were surely in violation of this clause.

Apologising in public now, after all that happened last week,

would be hugely embarrassing and would badly hurt his image of being an uncompromising fighter for his cause.

While it might be the correct strategic move to remain in the ANC,

it would also require swallowing his own considerable ego and admitting that he was wrong —

basically throwing all that he so firmly believes in under the bus. That might be too bitter a pill to swallow.

A chastened Magashule would be the ultimate symbol of Ramaphosa’s victory.

Magashule will have difficulty in fighting back: he has lost his office and could well be close to being expelled from the party, and he still faces criminal charges in the Free State which could lead to him being jailed, with more charges reportedly coming soon(ish).

Sadly for him, much of this intolerable situation is entirely of his own making.

If, instead of trying to “suspend” Ramaphosa, he had simply accepted the suspension, or even better, had stepped aside before being suspended, he could have been lauded as a principled leader who puts the collective ahead of his own interests and ambitions.

That would have forced Ramaphosa to publicly praise his virtues. While Magashule would have lost much of his political power through his loss of the secretary-general’s office, he would still have more negotiating bandwidth than he does now.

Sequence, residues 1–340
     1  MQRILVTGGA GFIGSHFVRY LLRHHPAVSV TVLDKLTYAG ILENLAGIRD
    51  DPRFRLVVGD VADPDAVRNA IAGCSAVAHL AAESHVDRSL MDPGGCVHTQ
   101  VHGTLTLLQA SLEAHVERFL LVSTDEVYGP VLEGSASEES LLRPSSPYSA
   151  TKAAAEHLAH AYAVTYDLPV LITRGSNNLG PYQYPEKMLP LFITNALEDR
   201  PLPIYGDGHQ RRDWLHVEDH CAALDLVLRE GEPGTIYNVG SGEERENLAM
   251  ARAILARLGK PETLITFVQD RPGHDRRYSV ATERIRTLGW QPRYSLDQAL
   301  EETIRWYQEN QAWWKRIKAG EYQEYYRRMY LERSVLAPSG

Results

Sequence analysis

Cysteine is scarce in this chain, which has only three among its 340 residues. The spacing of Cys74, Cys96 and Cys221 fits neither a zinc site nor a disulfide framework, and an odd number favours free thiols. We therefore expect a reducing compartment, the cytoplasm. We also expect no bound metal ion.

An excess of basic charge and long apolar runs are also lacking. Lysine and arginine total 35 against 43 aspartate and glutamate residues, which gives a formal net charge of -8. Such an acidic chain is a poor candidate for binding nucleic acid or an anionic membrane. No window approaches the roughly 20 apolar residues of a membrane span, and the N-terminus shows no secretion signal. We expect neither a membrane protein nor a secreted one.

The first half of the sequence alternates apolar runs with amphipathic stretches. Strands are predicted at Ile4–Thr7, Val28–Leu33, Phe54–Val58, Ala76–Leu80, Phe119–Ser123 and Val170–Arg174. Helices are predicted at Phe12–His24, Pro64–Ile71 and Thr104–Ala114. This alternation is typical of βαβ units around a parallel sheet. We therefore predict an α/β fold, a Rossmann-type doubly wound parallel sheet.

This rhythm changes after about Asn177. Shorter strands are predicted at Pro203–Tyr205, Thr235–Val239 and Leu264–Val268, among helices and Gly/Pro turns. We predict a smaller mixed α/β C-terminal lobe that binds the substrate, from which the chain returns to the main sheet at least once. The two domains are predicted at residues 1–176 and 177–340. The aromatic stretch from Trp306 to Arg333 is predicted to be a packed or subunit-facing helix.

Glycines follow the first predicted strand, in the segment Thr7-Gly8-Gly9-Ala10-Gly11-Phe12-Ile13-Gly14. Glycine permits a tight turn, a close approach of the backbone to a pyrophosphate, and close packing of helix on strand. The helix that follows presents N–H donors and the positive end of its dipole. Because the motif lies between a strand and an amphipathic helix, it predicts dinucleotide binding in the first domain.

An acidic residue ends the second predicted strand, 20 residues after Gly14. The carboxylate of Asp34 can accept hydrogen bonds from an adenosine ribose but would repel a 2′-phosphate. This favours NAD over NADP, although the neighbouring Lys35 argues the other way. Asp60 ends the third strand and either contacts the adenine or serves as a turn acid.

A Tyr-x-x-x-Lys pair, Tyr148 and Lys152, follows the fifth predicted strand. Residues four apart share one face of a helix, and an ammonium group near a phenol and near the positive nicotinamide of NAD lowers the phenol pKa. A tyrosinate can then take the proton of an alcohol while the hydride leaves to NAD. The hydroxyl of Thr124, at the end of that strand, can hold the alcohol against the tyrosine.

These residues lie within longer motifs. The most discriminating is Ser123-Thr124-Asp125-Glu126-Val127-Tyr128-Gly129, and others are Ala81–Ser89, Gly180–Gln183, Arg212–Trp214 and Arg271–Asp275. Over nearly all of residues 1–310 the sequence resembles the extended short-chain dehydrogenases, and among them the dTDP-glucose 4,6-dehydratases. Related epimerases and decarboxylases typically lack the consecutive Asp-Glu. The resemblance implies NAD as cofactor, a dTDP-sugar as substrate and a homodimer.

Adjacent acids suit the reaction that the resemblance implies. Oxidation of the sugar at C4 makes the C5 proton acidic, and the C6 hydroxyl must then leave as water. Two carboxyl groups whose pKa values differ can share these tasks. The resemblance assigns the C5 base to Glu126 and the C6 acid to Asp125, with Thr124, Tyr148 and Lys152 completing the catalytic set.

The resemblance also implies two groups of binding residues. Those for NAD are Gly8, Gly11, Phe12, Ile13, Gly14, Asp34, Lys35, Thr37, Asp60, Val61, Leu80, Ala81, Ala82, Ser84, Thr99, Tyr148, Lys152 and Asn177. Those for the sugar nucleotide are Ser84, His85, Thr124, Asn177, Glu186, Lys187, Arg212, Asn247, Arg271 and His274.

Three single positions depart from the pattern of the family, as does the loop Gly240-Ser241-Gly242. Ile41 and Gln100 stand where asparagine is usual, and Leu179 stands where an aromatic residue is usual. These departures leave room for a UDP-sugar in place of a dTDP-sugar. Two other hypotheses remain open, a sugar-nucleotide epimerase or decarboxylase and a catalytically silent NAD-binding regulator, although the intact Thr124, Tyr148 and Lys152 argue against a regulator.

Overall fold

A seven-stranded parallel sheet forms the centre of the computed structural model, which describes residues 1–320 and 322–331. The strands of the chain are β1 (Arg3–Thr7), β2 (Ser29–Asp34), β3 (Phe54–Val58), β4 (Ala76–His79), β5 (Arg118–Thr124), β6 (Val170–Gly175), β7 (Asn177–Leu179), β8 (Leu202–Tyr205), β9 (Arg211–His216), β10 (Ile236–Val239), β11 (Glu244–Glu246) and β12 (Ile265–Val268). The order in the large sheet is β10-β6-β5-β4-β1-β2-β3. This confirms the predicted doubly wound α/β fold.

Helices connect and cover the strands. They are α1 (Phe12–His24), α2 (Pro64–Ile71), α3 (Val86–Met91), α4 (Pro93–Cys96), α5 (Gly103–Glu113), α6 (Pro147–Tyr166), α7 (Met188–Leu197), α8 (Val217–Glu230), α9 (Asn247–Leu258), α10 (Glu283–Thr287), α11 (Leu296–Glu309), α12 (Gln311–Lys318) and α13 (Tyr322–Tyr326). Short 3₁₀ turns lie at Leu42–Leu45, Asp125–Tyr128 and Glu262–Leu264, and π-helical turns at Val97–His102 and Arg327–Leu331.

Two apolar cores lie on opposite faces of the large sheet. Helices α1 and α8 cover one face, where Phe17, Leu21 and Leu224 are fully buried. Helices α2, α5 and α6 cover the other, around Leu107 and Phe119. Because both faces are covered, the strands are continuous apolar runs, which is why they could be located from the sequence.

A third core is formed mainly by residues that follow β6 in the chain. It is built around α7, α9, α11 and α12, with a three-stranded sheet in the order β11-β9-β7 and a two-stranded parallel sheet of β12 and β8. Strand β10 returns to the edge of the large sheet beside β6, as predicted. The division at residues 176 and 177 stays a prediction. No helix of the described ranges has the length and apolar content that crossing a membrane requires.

And his action, possibly taken in haste, to “suspend” Ramaphosa was always going to provoke an equally strong reaction.

This indicates the limitations of a provincial baron,

someone who is used to almost unchecked power.

It also demonstrates the very real complexity of being an ANC leader on the national stage.

And for Transport Minister Fikile Mbalula it may simply be a moment of ebullient satisfaction,

as Magashule will no longer be able to “kill” the ANC.

The NEC statement also promised to act over leaks of its meeting over the weekend.

This has been a consistent problem in the past few months, due to the fact that during a virtual meeting it is impossible to prevent discussions from being recorded (or to stop such “recordings” from being manipulated).

The NEC called the leaks a “concerted and well-resourced campaign to sow division and confusion in the ANC,

with the ultimate aim to destroy the movement”

and said that this campaign is “actively aided by a few individuals from within the NEC, through leaks,

deviant public pronouncements, protests and misinformation on social media”.

It says it will investigate the leaks and “take appropriate action”.

While it may be technically difficult to prove who in the NEC was responsible,

those in the ascendency in the ANC may well claim that this was the work of those who support Magashule in an attempt to prevent his suspension.

This may allow the investigation to put certain people under pressure.

Overcoming this situation may now be impossible for Magashule and his allies.

It would require strategic brilliance, humility and the ability to play a nuanced game of politics — none of which has been demonstrated so far.